And, finally, some breaking news. Perhaps Macy missed me after all. She appeared a few minutes ago and made it clear that she would like to nap on my lap. Laptop on the lapdog.

Image: Getty Images

The Look / Australia’s Parisian dressage

Portrait of a nation

The Olympic Games is arguably Earth’s most-watched fashion parade (writes Andrew Mueller). The outfits worn by the athletes at the opening ceremony, as well as the uniforms on the track and field, are all tremendous opportunities for national branding. Australia, which unveiled its Paris 2024 Olympic kits this week, has also considered one often overlooked criteria: that the outfits should be something that the athletes want to wear. Australia’s 2024 wardrobe, produced by Japanese manufacturer Asics, includes a svelte dress for female athletes to wear around the Olympic Village. Charlotte Caslick (pictured), who will once again be representing Australia in the Rugby Sevens, welcomed the new wardrobe. “Paris is the fashion capital of the world and we get to wear cute dresses,” she said, recalling the ill-fitting “boys’ uniform” of previous games.

The other significant aspect of the 2024 kits is the prominent incorporation of Indigenous Australian motifs. Australia’s traditional green-and-gold colours have been absorbed into designs by Indigenous artists Paul Fleming – a Yuggera man who boxed for Australia in Beijing in 2008 and designed Team Australia’s towels for Tokyo in 2021 – and David Bosun, a painter and linocut maker from the Torres Strait Islands. Their recognition is overdue. Any list of Australia’s greatest athletes is disproportionately populated by Indigenous Australians. In one poll earlier this year, the gold medal of one Indigenous Australian at the 2000 Sydney Olympics – Cathy Freeman, who carried an anxious nation’s hopes 400 metres in 49.11 glorious seconds – was reckoned the greatest sporting moment in Australian history.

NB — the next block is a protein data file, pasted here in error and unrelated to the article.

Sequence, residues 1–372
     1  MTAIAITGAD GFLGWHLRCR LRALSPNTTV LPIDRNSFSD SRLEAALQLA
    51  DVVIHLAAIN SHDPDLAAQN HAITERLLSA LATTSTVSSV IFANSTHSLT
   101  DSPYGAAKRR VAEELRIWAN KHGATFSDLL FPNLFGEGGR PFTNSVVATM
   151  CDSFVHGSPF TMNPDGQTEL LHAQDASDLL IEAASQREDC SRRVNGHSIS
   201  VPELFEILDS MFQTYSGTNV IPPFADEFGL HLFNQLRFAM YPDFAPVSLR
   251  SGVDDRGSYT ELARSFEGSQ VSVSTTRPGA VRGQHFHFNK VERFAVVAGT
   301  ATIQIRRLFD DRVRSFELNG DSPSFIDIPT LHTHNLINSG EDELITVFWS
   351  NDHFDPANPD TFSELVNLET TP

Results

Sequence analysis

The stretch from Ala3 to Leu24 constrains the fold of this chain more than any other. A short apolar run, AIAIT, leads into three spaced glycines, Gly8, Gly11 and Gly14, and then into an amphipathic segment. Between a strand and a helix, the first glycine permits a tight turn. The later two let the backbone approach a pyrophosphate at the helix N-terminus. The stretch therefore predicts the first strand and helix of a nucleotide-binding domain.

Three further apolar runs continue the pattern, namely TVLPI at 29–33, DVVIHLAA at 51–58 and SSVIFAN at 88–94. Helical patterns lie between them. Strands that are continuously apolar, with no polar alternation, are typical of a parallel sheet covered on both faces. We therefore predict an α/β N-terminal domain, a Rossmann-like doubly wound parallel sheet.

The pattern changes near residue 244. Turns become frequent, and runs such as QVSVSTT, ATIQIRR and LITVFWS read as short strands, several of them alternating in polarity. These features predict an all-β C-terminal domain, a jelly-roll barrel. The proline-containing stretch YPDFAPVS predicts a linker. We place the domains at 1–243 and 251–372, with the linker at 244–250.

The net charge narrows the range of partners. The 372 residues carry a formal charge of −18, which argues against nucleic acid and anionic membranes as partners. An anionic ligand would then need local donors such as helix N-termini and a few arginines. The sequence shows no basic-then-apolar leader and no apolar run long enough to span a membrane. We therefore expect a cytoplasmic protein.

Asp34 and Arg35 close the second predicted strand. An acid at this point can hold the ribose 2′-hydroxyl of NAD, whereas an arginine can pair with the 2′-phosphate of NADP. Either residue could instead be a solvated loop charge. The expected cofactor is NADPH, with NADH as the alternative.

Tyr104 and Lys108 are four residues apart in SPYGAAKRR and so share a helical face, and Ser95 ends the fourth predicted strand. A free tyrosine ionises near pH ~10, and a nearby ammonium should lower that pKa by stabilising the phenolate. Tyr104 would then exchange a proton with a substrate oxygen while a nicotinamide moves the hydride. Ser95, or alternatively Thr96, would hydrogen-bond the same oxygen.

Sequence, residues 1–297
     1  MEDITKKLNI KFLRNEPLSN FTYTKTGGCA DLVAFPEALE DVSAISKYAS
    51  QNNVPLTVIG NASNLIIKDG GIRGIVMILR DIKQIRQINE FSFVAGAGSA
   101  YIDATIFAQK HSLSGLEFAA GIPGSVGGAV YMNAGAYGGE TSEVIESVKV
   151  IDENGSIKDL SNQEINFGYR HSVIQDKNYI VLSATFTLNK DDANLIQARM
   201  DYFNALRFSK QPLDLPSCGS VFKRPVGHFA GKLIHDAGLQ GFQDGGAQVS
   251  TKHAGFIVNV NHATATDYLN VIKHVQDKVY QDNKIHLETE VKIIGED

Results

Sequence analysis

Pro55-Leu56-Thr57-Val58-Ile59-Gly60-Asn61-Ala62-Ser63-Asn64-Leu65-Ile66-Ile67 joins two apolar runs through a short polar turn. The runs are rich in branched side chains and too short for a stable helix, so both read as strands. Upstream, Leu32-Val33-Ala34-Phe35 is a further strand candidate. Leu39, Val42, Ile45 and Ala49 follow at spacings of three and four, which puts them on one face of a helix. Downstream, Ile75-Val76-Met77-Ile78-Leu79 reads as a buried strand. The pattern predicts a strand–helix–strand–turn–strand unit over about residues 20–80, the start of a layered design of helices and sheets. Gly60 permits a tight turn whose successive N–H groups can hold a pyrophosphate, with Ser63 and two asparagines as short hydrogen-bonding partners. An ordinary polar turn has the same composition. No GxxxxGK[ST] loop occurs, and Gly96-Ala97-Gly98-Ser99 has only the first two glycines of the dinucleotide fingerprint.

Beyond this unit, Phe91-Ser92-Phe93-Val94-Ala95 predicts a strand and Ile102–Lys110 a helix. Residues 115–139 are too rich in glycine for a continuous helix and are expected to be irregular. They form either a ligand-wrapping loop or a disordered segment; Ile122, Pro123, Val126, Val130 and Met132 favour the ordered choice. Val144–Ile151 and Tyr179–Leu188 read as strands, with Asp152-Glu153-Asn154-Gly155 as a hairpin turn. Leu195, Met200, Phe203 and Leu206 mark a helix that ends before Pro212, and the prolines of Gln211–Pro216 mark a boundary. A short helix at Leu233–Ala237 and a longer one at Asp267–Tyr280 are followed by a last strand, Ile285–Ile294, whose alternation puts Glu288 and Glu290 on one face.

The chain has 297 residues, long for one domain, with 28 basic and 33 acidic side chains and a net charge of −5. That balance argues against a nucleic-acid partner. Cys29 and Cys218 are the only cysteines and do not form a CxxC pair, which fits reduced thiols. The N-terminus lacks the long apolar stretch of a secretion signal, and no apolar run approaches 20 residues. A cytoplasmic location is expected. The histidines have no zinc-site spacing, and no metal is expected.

Culture cuts / Most-anticipated book releases


‘End of Story’, AJ Finn. The bestselling author of The Woman in the Window returns with another pacy whodunnit. It follows crime fiction aficionado Nicky Hunter, whose life is turned upside down when he receives a message from an author, Sebastian Trapp, that reads: “I’ll be dead in three months. Come tell my story.” This elegant thriller explores the secrets hidden among us and is especially intriguing given that its author was accused of lying about his own life in spectacular fashion, following the success of his first novel.
Release date: Out now.

‘Bright Objects’, Ruby Todd. Ruby Todd’s new book tells the story of a widow grappling with the death of her husband after a hit-and-run. Just when she begins to lose hope that she will find out who did it, a rare comet is spotted over the town, sending her into the orbit of local mystic Joseph Evans. The fortune teller believes that the meteorological event carries a divine message, as well as clues that point to her husband’s killer.
Release date: 30 April 2024

‘Until August’, Gabriel García Márquez. Shortly before he died in 2014, the Nobel Prize-winning Colombian author Gabriel García Márquez, who was living with dementia, decided that his last novel shouldn’t be published. Now, a decade later, his sons have chosen to share it with the world. Translated from the Spanish by Anne McLean, Until August follows a middle-aged woman who, once a year, on the anniversary of her mother’s death, visits the island where she’s buried and leans into desire as well as fear.
Release date: 12 March 2024

Illustration: Mathieu De Muizon

How we live / FRENCH CO-OPS

Cubbyhole community